3. The big debate surrounds the Gospel and whether its reasonable and acceptable to unite with others who may have a different understanding of the Gospel. . . i.e. Roman Catholics and Eastern Orthodox. Does the Manhattan Declaration compromise the Gospel or imply agreement about the Gospel among the signers?

4. I understand those issues. I myself am passionate about a clear, Biblical Gospel. . . . salvation and right relationship with God by grace alone, through faith alone, in Jesus Christ alone. I respect those who feel like the Manhattan Declaration in uniting Roman Catholics and Eastern Orthodox around the sanctify of life, marriage and religious freedom, compromises that clear, Biblical Gospel.

5. I respect that position, but don't personally agree with it. I don't see the Manhattan Declaration as a definition of the Gospel, but as merely referring to it in a total of 3 places. The Gospel is referred to as a "gospel of costly grace". Though that is hardly a complete definition of the gospel, I believe it is a true and accurate definition. Though others might understand the Gospel differently than I, I can still work with them and unite with them in laboring for these 3 biblical values.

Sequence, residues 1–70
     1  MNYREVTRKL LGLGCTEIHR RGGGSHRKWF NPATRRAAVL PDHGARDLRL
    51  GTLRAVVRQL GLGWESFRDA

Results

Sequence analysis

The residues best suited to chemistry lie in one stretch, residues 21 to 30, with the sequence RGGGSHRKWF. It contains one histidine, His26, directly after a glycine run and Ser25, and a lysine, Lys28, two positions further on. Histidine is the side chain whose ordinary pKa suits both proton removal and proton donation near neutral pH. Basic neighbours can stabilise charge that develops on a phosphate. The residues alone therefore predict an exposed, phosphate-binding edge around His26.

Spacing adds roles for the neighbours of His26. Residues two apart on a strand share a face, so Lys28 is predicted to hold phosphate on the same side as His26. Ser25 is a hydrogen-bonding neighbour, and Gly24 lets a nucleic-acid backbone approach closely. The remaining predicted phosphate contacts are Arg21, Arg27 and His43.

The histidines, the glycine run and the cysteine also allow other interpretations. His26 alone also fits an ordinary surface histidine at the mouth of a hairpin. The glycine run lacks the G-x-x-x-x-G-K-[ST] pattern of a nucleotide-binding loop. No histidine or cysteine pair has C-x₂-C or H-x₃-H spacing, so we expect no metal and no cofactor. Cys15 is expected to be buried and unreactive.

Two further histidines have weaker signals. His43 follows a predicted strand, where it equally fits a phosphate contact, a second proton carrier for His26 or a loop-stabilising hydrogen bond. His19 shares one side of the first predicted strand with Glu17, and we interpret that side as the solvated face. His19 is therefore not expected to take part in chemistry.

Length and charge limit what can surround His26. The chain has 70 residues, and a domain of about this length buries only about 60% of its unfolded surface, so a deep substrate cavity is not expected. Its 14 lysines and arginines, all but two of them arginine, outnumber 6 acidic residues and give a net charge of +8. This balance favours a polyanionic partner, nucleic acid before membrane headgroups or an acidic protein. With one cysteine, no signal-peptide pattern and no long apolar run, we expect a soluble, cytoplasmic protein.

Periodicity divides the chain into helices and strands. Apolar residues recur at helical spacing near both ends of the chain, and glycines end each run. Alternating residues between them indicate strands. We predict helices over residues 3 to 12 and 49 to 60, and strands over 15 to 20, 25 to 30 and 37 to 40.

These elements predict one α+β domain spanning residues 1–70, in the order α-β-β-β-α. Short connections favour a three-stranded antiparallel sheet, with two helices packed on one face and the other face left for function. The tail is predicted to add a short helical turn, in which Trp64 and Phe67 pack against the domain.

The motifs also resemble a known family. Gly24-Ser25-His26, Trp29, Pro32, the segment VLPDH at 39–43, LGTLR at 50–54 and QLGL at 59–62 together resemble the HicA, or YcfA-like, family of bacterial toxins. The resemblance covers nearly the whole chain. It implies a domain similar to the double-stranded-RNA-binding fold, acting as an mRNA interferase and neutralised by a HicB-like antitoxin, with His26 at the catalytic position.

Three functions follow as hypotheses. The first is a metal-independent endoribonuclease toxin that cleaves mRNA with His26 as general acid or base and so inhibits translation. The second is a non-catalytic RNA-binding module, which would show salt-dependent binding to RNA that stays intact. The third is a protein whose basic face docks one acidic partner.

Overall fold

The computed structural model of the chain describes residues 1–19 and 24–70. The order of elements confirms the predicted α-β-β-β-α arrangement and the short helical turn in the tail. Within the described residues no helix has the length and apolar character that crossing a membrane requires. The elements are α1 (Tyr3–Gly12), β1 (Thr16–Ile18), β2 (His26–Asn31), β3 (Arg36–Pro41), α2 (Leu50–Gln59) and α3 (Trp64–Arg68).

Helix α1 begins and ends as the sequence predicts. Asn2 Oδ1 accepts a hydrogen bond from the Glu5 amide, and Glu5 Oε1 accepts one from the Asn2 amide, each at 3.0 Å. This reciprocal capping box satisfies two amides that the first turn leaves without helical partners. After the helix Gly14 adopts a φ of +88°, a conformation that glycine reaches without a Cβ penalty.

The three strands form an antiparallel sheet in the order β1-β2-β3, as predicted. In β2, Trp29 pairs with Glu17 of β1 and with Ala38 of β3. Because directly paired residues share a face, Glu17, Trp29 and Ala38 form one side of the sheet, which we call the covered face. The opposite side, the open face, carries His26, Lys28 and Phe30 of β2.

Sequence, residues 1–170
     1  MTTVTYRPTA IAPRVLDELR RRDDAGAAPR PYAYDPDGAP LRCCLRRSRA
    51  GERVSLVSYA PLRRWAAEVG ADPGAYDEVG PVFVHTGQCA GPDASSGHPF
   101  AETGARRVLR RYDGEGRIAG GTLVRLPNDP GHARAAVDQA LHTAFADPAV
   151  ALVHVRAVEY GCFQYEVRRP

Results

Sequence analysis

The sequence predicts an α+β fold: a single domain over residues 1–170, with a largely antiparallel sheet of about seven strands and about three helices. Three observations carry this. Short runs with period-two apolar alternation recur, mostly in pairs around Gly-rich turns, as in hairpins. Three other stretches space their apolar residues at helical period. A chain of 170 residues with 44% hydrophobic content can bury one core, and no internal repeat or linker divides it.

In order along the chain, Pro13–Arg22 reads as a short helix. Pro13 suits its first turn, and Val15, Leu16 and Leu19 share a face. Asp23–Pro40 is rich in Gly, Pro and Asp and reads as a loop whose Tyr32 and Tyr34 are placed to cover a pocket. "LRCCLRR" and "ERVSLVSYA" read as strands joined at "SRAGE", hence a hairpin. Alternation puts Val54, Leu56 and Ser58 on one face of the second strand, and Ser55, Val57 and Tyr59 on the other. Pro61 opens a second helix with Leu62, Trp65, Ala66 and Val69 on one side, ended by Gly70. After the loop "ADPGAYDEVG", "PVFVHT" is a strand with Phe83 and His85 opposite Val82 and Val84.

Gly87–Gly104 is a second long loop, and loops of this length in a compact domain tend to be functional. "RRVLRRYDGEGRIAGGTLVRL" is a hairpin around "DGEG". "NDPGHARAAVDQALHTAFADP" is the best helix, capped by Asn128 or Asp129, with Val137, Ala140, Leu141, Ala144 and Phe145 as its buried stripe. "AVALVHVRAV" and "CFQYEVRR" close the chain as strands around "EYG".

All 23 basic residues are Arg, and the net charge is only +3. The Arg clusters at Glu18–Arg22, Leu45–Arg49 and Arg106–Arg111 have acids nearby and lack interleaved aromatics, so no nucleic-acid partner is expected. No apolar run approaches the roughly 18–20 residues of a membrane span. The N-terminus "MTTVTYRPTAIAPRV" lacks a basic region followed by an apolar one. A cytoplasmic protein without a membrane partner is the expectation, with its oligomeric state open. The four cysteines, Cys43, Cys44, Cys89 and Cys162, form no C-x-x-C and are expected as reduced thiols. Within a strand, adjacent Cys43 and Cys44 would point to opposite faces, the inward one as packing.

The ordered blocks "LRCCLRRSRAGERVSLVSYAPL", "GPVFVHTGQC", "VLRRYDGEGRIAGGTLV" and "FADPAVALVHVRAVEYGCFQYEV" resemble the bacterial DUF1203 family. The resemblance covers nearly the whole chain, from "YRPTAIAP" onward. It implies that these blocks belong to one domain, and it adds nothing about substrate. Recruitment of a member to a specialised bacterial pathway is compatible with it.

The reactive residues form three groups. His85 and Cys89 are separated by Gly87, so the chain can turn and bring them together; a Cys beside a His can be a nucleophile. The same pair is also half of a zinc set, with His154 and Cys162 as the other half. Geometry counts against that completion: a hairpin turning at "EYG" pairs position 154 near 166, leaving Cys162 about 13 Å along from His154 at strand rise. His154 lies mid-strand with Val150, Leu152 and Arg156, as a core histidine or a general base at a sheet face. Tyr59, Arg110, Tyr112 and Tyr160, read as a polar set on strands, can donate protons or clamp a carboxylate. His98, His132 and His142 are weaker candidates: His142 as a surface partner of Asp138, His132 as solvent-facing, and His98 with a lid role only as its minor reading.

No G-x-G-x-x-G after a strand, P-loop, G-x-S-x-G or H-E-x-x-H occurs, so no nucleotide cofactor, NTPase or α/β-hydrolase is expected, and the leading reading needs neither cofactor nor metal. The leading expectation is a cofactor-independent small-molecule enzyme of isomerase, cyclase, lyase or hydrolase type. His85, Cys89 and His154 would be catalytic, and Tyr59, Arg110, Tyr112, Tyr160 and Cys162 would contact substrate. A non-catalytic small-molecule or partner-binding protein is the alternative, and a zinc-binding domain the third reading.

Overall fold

6. I compare this to our partnership with others for Serve Day. On that day every year, we not only work with other churches, who may or not share our definition of the gospel, but also with other helping organizations across our community to provide care and help to needy people throughout the Central Coast. We need not agree on the gospel or other doctrinal matters to work together to meet the needs of our community. I don't think this requires or implies gospel compromise on our part.

7. Some have posited a larger, hidden ecumenical agenda behind the Manhattan Declaration. I don't buy it. I don't see it that way.

8. My own thoughts on this matter lie closely along the lines of Ligon Duncan below. . .

The Manhattan Declaration: A Statement from Ligon Duncan

Article by December 2009
The Alliance of Confessing Evangelicals has received a number of requests for comment upon the Manhattan Declaration, a recent public statement on the sanctity of life, marriage and sexuality, and religious liberty, signed by a number of leaders from the evangelical, Anglican, Roman Catholic and Eastern Orthodox traditions.